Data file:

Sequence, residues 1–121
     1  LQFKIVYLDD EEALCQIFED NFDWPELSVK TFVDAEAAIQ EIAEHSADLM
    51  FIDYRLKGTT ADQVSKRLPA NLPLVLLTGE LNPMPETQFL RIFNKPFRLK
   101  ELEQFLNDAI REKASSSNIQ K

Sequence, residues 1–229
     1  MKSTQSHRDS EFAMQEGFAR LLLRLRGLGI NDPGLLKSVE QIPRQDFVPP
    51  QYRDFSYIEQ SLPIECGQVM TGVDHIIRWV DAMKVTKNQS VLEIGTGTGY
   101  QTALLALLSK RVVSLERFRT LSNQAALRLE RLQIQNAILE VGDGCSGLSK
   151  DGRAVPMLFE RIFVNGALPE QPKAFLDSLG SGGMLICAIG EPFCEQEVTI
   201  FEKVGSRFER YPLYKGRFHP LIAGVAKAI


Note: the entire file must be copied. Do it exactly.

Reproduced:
Sequence, residues 1–121
     1  LQFKIVYLDD EEALCQIFED NFDWPELSVK TFVDAEAAIQ EIAEHSADLM
    51  FIDYRLKGTT ADQVSKRLPA NLPLVLLTGE LNPMPETQFL RIFNKPFRLK
   101  ELEQFLNDAI REKASSSNIQ K

Sequence, residues 1–229
     1  MKSTQSHRDS EFAMQEGFAR LLLRLRGLGI NDPGLLKSVE QIPRQDFVPP
    51  QYRDFSYIEQ SLPIECGQVM TGVDHIIRWV DAMKVTKNQS VLEIGTGTGY
   101  QTALLALLSK RVVSLERFRT LSNQAALRLE RLQIQNAILE VGDGCSGLSK
   151  DGRAVPMLFE RIFVNGALPE QPKAFLDSLG SGGMLICAIG EPFCEQEVTI
   201  FEKVGSRFER YPLYKGRFHP LIAGVAKAI